Israel and Iran

Israel and Iran: A Dangerous Rivalry

Dalia Dassa Kaye
Alireza Nader
Parisa Roshan
Copyright Date: 2011
Published by: RAND Corporation
Pages: 116
  • Cite this Item
  • Book Info
    Israel and Iran
    Book Description:

    Israel and Iran have come to view each other as direct regional rivals. The two countries are not natural rivals; they have shared geopolitical interests, which led to years of cooperation both before and after the 1979 Islamic revolution. But their rivalry has intensified recently, particularly with the rise of fundamentalist leaders in Iran and the prospect of a nuclear-armed Iran posing grave strategic and ideological challenges to Israel.

    eISBN: 978-0-8330-5863-8
    Subjects: History, Political Science

Table of Contents

  1. Front Matter
    (pp. i-ii)
  2. Preface
    (pp. iii-iv)
  3. Table of Contents
    (pp. v-viii)
  4. Summary
    (pp. ix-xiv)
  5. Acknowledgments
    (pp. xv-xvi)
  6. CHAPTER ONE Introduction
    (pp. 1-8)

    In recent years, strategic pressures—beginning with the defeat of Iraq in 1991 but solidifying with Saddam Hussein’s removal in 2003—have moved Israel and Iran toward greater competition. To make matters worse, the ideological framing of this conflict has reached new levels, reinforcing the strategic basis of the rivalry. Iran’s pursuit of a nuclear program, and potentially a nuclear weapons capability, has particularly heightened tensions between the two nations. Although mutual hostility has defined Israeli-Iranian relations since Iran’s Islamic revolution of 1979, the two sides have never engaged in direct military conflict. They have even cooperated at times in...

  7. CHAPTER TWO A Brief History of Israeli-Iranian Cooperation and Confrontation
    (pp. 9-18)

    Given the current state of hostility between Israel and Iran, we may easily overlook the years of cooperative relations between these two states, both before and even after the Islamic revolution. Although such cooperation faced limits and did not remove Iranian animosity toward Israel, it was still extensive at times. Iran’s tacit military, economic, and intelligence cooperation with Israel during the Shah’s time was based on common geopolitical interests, including fears of Nasserite Pan-Arabism and Soviet communism. Although the Shah was sensitive to Arab anti-Israeli sentiment and became more openly critical of Israel after the 1967 Arab-Israeli war, he continued...

  8. CHAPTER THREE Israeli Perceptions of and Policies Toward Iran
    (pp. 19-54)

    Over the past decade, Iran has emerged as Israel’s main rival. From Lebanon to Gaza to the dramatic 2011 revolts that swept through Egypt and the Arab world, Israelis view nearly every regional challenge through the prism of Iran. Despite brief attempts to relax tensions with the Islamic Republic in the late 1990s, any vestige of the periphery doctrine is now gone. Today, there is a basic incompatibility of interests between the two countries, suggesting that a return to even limited cooperation—as occurred both before and after the 1979 Islamic revolution—may no longer be possible.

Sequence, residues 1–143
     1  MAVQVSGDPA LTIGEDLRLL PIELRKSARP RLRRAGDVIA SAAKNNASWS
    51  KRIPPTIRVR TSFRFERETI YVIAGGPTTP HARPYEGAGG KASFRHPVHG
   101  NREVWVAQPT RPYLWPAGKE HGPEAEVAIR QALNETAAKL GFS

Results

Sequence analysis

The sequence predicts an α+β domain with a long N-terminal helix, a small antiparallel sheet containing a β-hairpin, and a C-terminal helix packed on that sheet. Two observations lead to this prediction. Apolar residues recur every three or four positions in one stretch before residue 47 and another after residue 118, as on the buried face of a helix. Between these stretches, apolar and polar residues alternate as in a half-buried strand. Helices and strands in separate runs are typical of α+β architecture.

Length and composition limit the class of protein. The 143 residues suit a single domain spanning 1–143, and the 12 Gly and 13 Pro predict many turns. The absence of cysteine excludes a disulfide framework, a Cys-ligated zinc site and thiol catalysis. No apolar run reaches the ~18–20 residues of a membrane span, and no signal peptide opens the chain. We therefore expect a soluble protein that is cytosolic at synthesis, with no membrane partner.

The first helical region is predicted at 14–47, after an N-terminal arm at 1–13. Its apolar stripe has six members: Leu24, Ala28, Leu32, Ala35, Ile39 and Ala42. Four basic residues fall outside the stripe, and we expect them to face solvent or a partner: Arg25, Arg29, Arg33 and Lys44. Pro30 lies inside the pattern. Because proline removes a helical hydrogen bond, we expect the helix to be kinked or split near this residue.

Not only do...

  9. CHAPTER FOUR Iranian Perceptions of and Policies Toward Israel
    (pp. 55-80)

    Israel has always occupied a unique place in shaping the Islamic Republic’s strategic interests and threat perceptions. Though not a primary or even a direct threat on the scale of the United States, Israel is now viewed by the Iranian regime as a major regional rival. The reasons for Iranian hostility are complex and at times puzzling. Israel is physically far from the Iranian homeland and has no claims on Iranian territory. The two countries do not compete economically. And, until recently, Israel and Iran were not direct military rivals. Israel’s immediate zone of security interests, the Levant, is in...

  10. CHAPTER FIVE Conclusion and Recommendations
    (pp. 81-88)

    Israel and Iran have been adversaries for more than 30 years. The 1979 Islamic revolution transformed cooperative Israeli-Iranian relations under the Shah into open hostility. However, even after the revolution, the animosity between the two countries was often tempered by pragmatism. Both Israel and Iran viewed Saddam Hussein’s Iraq as a more serious threat to their respective national interests than each other. Some Israeli leaders also clung to the old “periphery doctrine” in which Persian Iran would serve as a counterweight to Israel’s Arab neighbors.

    This did not prevent Iran from opening a “second front” with Israel during its war...

  11. Bibliography
    (pp. 89-100)